You've likely heard of this scenario mentioned in an ominous financial forecast: The U.S. dollar continues to lose value compared to other major world currencies, and any number of very bad things occur, spelling doom for our fragile economic recovery.

But even though a low dollar world has a few deleterious side effects, it also brings benefits, and the latter can be profited on by investors who think ahead about where to place their assets. Today we'll discuss what makes the USD rise and fall, and where to position your investments to take advantage of a low dollar world.

Background
The U.S. Dollar Index is an exchange-traded instrument that measures the value of the USD against a basket of 6 major world currencies, including the Euro, Yen, British Pound and Canadian Dollar.

In the past six months, the U.S. Dollar Index has fallen by roughly 13%. This is a continuation of a longer term trend that has seen USD Index fall by 46% since 2001.

What Causes a Falling Dollar?
There is no single bullet theory as to why the USD has fallen, but most professionals point to several ongoing events. First, the strength of the USD is largely determined by how willing global investors are to hold investments denominated in dollars versus other currencies. The USD is often noted as the "world's reserve currency," meaning that foreign governments around the world often choose to park a good chunk of their reserves in dollar assets like Treasury Bonds rather than holding them in their home currency.

But if investors become skittish about the strength of the U.S. economy and our ability to pay our future bills (via Treasury interest), they will begin to shift assets away from the dollar. The rising budget deficit of the U.S. is one of many caution flags that is beginning to be noticed by global investors.

Another reason why the dollar has weakened this decade is because interest rates have been historically very low. The 10-year Treasury Bond, a benchmark for global fixed income investors, has seen its lowest yields this decade since the 1960's. These low yields aren't much of an incentive for global investors to buy U.S. bonds.

The Federal Reserve has had good reason to keep interest rates low; it was crucial in freeing up money flows in the face of a global recession. But as the economy stabilizes, look for the Fed to slowly begin to ratcheting up interest rates. As this happens, the U.S. dollar should begin to strengthen.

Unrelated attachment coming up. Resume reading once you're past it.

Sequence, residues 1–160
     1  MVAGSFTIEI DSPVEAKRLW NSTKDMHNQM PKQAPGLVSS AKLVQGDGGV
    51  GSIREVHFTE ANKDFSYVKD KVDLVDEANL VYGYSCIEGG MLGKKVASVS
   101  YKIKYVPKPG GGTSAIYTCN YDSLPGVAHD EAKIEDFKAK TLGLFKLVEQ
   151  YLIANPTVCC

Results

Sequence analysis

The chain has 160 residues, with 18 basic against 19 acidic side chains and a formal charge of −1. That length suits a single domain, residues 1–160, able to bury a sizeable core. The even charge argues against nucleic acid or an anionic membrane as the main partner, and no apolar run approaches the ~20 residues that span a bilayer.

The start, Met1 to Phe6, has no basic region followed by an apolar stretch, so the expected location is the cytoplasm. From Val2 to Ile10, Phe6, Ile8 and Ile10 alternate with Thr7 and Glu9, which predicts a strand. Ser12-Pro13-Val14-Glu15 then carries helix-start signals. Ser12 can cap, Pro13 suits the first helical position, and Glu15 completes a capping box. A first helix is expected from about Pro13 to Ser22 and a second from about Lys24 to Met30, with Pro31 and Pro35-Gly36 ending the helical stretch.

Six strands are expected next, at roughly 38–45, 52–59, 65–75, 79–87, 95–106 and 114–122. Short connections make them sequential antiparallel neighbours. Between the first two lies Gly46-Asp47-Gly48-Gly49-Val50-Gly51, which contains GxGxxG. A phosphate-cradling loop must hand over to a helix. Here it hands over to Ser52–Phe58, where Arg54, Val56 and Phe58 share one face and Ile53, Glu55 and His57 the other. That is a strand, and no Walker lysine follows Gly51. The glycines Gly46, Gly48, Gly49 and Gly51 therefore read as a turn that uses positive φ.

What Investments to Hold in a Low-Dollar World?
Commodities and other "hard" assets tend to do very well in a low dollar environment. The reason is twofold; hard assets are a safe haven when fiat currencies weaken, and most global commodities are priced in dollars. So foreign investors (whose currency has risen in value vs. the USD), can buy more with the same amount of money. This increases overall demand, leading to rising prices for things like gold, silver and oil. (For further reading, check out How to Invest in Commodities.)

Companies that are based in the U.S. but conduct a lot of business overseas make great investments in a falling dollar world. The reasoning is simple; costs to pay workers and produce goods are paid in dollars (which are weak), but goods are sold in foreign currencies abroad. When those higher-valued foreign currencies are translated back to dollars for the purposes of accounting, the favorable exchange rate adds to profit margins.

Investors can easily find out how much business a U.S. firm does overseas by reading the most recent annual report. Look for firms with greater than 40% of sales abroad, and having the bulk of factories and offices located in the U.S.

USD Outlook
The future strength of the dollar will largely depend on how well the U.S. government can control its budget deficit. The better the U.S. looks as a debt payer, the better the dollar will do. Use this as a guide to determine when it might be time to begin investing in dollar strength versus dollar weakness. (To learn more, check out What Fuels the National Debt?)

And when it comes to the dollar, a little inflation can be a good thing. As our economy strengthens, some inflation should begin creeping back into the system. This will trigger the Fed to start raising interest rates, boosting the dollar along with Treasury yields. When this trend begins to occur, look to shift away from the investments outlined above.

Parting Thoughts